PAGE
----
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In the last column, we talked about Cash, Receivables and Payables transactions. Early in your business, these transactions can just be recorded in a General Journal. Essential data is date, acct/amt acct/amt ..., and comments (e.g., who did you pay or who paid you).
In the old days (i.e., before computers), the General Journal was just a sheaf of columnar accounting paper where your most-used accounts had their own columns and the last column contained the rest (in acct/amt format).
At the end of each accounting period (e.g., at month-end), you'd take a calculator and total the amounts for each account and check that the account-totals totaled to zero -- which they never did -- whereupon you'd have to go back, find the transactions that didn't total to zero, correct them, and re-total the whole thing until they did come to zero. (You'd have to do this even if they totaled to only a penny -- because that penny could have resulted from two large errors whose difference was a penny.)
After verifying that the account-totals for the period in fact totaled to zero, you'd then "post" (i.e., copy) the account-totals to a General Ledger -- which was just another sheaf of columnar accounting paper, one sheet per account number, from which you could then compile your Balance Sheet and Earnings Statement. (Of course, after posting the General Ledger, you'd have to again total all the amounts you just posted, checking that they still totaled to zero, so you'd know you'd copied them correctly.)
As your business grows, just recording everything in the General Journal can get unwieldy.
You now have dozens of customers with dozens of transactions with each of them. The question is no longer "how much do they owe you", but "who owes you how much". So instead of recording customer transactions in the General Journal, you set up a Sales Journal (to record all invoices going to customers) and a Cash Receipts Journal (to record payments received from those customers).
At the end of each accounting period, you total the amounts for each account in these journals, and post them to the General Ledger (adding now a notation of what journal they came from) -- but you also post them to a Receivables Ledger (one sheet per customer) so you have a ready reference of how much each customer currently owes you.
And you now have dozens of vendors with dozens of transactions with each of them. And the question is no longer "how much do I owe them", but "who do I owe how much to". So instead of recording vendor transactions in the General Journal, you set up a Purchase Journal (to record all invoices received from vendors) and a Purchase Disbursements Journal (to record all payments to those vendors).
And at the end of each accounting period, you total the amounts for each account in these journals, and post them to the General Ledger -- but you also post them to a Payables Ledger (one sheet per vendor) so you have a ready reference of how much you currently owe each vendor.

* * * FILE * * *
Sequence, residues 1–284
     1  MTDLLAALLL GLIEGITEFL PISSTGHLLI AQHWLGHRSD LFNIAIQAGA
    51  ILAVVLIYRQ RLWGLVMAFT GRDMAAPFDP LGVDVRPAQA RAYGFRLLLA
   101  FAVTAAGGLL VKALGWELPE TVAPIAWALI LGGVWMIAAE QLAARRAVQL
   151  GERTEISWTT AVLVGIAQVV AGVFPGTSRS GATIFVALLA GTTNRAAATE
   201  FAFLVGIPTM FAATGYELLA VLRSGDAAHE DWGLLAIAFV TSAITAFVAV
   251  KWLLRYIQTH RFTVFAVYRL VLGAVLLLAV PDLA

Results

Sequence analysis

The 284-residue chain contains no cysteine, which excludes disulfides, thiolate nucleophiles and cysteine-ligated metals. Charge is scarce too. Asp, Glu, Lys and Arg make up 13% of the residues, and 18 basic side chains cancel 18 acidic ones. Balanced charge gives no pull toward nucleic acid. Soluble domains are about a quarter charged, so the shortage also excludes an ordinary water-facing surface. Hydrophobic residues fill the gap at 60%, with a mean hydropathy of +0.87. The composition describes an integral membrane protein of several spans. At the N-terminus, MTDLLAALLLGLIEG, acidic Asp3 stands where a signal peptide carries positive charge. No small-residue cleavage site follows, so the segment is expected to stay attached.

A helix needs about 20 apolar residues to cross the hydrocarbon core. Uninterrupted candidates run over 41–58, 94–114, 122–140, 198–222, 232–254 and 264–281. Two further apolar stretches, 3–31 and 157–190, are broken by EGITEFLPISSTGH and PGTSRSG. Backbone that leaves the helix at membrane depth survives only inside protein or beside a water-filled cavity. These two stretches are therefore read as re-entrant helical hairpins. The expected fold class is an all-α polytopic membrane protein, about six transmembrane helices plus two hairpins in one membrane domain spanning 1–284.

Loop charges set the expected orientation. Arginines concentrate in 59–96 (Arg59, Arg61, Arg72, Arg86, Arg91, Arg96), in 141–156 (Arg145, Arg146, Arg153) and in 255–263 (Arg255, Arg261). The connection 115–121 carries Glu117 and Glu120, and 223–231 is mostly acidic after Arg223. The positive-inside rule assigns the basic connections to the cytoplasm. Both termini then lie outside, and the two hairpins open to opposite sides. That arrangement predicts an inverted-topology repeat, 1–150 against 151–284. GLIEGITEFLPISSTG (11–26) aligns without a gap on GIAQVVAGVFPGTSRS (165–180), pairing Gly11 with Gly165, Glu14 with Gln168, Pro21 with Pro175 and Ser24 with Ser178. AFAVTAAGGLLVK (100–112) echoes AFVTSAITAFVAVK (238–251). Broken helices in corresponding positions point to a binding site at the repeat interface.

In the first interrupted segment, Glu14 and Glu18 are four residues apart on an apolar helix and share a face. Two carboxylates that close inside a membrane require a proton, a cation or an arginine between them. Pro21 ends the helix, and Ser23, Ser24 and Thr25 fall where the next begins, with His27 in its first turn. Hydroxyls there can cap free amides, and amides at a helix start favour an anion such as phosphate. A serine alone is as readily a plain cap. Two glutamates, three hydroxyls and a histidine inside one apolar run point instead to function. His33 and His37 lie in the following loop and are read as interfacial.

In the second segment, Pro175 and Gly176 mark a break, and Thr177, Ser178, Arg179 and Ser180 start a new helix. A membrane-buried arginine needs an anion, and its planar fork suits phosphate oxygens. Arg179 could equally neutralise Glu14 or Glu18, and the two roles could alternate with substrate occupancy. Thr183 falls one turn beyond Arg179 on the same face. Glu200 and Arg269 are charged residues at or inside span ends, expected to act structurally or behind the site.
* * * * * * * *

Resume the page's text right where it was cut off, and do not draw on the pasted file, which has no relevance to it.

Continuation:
And you may now have dozens of employees with dozens of transactions with each of them. And the question is no longer "how much do I owe in payroll and payroll taxes", but "who do I owe how much to". So instead of recording employee transactions in the General Journal, you set up a Payroll Journal (to record all pay accrued by employees and all payroll taxes owed thereon) and a Payroll Disbursements Journal (to record all payments to those employees and the government).
And at the end of each accounting period, you total the amounts for each account in these journals, and post them to the General Ledger -- but you also post them to a Payroll Ledger (one sheet per employee) so you have a ready reference of how much you currently owe each employee and each government entity.
And you might add other Journals and other subsidiary Ledgers (e.g., Employee Advances, Employee Vacation, etc.) depending on the extent to which you need ready reference to their constituent balances. Candidates for subsidiary Ledgers are any asset, liability or equity accounts that you want to regularly break out by the entities (customers, vendors, employees, stockholders, etc.) that comprise their balance.
All the transactions in all these Journals needed to be totaled to zero (to be certain you had recorded them correctly) and when they are posted to the Ledgers, they needed to be totaled again (to be sure you transferred them correctly).
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pdf مربوط به reflection and self assessment
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Learner reflection in student self-assessmentFull Text: Pdf SIGN IN to get this Article Authors: Judy Kay The University of Sydney, NSW, Australia
Lichao Li The University of Sydney, NSW, Australia
Alan Fekete The University of Sydney, NSW, Australia Published in: · Proceeding ACE '07 Proceedings of the ninth Australasian conference on Computing education - Volume 66 Australian Computer Society, Inc. Darlinghurst, Australia, Australia ©2007
table of contents ISBN:1-920-68246-5 2007 Article
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